I borrowed a tape player from my mom. She hasn't used it in decades and it was dustier than archaelogy but it did power up. She loaned me the speakers too but – um, she's not reading this, is she? – I wasn't entirely sure where they were. Plus, I was doing this in the middle of the night before Angela and I went away on holiday so to be quiet, I plugged headphones in.

It was unintelligible.

Like music being played backwards. I've heard that often enough, you used to wind tape by hand to get to the exact point you needed plus you'd rock it back and forth over a bit when you were judging the right moment to cut, so I knew what I was listening to. I just didn't know why.

And I still don't. Because even as I tried figuring out how I could've reversed the tape somehow, it managed to right itself after I'd held down fast-forward and play.

Well, I say it righted itself... Really it was just playing in the correct direction. You couldn't hear it well enough to enjoy it, but you could make out the songs. Most of them.

Alright, some of them. For a few of mine and for very many of Angela's, I had to use Shazam. Picture me in my office at 1:30am with one earpiece in my ear and the other pressed against my iPhone's microphone.

I don't want to tell you what the tracks were because I'd rather you imagined what you would've put on. But I will tell you that Shazam was convinced I'd chosen Liebe Fängt Im Herzen An by Nicole Freytag when actually it was Eric Clapton and Michael Kamen's main theme from Edge of Darkness.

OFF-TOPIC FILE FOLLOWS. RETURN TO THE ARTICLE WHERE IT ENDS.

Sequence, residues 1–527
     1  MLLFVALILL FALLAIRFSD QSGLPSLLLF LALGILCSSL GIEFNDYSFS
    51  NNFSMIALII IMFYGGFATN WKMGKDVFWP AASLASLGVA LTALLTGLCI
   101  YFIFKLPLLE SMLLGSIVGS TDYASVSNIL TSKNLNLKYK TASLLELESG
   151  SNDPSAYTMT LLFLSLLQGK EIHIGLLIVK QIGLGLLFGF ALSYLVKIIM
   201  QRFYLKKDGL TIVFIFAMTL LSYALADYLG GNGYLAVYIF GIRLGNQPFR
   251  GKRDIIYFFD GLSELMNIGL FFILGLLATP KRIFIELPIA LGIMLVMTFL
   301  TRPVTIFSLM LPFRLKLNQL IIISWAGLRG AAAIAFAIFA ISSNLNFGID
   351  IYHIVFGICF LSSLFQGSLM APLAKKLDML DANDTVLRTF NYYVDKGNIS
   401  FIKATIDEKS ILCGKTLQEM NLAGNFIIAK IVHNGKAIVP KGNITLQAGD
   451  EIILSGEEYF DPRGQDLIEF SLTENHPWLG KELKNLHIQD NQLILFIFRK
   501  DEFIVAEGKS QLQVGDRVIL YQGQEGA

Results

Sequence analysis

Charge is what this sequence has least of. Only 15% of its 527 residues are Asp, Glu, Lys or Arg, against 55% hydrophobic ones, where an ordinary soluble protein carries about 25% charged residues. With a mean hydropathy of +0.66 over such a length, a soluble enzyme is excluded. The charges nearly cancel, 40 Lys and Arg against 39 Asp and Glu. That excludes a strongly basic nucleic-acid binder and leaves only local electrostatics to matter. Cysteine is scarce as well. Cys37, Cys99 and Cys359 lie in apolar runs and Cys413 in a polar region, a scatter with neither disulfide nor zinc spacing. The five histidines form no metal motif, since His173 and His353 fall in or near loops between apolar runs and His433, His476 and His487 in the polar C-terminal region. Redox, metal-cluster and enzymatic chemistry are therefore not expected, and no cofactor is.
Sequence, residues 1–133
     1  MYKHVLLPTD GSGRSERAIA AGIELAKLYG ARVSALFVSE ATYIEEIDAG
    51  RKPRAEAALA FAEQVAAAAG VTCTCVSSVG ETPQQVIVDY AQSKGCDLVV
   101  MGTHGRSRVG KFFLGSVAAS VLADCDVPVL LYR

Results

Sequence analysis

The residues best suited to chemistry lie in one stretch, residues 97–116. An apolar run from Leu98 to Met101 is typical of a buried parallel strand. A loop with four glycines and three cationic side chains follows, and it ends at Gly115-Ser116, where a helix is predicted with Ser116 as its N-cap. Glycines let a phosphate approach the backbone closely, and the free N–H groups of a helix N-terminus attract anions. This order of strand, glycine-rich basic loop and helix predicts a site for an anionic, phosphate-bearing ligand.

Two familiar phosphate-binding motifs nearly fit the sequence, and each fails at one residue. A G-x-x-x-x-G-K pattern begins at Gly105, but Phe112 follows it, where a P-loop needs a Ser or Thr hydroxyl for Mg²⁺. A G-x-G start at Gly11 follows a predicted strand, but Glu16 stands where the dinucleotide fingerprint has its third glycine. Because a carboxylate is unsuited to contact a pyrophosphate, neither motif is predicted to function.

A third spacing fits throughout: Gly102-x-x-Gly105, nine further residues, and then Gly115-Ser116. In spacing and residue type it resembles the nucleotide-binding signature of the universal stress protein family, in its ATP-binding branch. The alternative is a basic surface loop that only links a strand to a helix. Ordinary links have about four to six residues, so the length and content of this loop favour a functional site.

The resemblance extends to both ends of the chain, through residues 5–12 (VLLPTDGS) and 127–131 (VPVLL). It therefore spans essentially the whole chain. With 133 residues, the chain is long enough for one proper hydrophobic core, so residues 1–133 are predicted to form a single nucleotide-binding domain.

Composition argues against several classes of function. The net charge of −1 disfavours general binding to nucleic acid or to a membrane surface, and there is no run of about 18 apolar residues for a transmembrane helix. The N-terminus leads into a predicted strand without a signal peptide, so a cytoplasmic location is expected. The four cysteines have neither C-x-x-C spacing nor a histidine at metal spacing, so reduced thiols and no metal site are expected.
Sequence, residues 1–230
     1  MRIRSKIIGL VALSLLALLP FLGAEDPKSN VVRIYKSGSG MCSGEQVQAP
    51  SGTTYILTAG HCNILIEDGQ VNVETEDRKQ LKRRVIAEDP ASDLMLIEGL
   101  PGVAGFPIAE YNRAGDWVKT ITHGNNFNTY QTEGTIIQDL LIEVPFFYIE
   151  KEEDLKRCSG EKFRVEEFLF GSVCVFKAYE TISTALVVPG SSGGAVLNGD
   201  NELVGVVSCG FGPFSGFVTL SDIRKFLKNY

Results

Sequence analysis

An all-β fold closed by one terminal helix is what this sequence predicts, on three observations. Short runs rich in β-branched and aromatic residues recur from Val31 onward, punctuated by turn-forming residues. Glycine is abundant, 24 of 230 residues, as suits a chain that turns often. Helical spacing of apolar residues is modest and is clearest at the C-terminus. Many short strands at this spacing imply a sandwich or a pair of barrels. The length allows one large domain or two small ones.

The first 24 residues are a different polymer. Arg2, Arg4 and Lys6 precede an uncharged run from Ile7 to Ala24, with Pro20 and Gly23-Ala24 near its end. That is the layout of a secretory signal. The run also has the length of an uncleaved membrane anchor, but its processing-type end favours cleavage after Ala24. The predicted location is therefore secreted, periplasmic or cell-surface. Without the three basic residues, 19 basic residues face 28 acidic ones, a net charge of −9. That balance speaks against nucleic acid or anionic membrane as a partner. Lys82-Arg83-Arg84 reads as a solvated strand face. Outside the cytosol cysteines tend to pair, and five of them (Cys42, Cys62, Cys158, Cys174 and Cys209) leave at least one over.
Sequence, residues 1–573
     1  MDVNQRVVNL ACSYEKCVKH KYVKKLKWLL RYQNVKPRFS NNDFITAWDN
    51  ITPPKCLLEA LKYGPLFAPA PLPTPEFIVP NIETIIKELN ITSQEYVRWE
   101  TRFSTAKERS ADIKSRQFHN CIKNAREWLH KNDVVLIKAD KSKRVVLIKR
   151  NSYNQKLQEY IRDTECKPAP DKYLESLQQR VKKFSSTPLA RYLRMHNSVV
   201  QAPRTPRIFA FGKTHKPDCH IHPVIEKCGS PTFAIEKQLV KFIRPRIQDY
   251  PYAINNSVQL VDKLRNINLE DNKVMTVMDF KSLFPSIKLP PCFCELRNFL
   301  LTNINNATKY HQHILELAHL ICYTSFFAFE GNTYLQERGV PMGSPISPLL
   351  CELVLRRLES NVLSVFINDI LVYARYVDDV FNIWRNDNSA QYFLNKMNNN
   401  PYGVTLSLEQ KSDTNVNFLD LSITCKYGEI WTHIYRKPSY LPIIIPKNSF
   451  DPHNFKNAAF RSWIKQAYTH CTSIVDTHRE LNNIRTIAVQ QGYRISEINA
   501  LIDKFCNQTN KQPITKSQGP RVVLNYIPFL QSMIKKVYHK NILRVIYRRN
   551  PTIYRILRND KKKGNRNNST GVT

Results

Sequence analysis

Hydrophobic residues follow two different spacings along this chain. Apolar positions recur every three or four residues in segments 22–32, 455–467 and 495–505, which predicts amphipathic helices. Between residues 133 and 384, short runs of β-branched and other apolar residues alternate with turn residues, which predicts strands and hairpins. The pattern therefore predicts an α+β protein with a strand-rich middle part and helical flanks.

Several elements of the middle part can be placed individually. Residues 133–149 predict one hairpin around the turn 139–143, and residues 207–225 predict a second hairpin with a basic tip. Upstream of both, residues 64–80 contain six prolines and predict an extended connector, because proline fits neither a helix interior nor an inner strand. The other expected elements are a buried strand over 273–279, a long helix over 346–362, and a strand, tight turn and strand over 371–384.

That went on the list. As I nursed the tape through to the end and then realised, er, I had to now nurse it through again on the other side, I wrote down each track. I'd never go use Angela's computers without her knowing – it'd feel like going through her handbag – but our iTunes libraries use home sharing: if her Mac is on, my iTunes shows her entire library as a playlist and hers shows mine. So I could search across both our iTunes without giving the game away.

There were two tracks of mine that I didn't have. Plenty I didn't still listen to, but two I didn't have. There were six she didn't. I spent about a fiver on the iTunes Store getting hers and 79p getting one of mine. Amazing how those 79p and 99p amounts add up.

Edge of Darkness wasn't available anywhere. It doesn't appear to be available to buy in any format: you can sometimes get a vinyl EP on eBay but I already have that, that's what I taped it off in the first place. So I used an alternative means of acquisition.

Moving on.

This morning, as I write this, I got into the car with Angela and handed her my old iPhone 4 – looking like this.

That's an app which just plays whatever is on your iPhone's music library but displays a moving cassette and a "handwritten" title. I rigged it so that instead of it being many songs in a playlist and therefore the title would be just whatever the first song was, it said "Wales Tape Side A".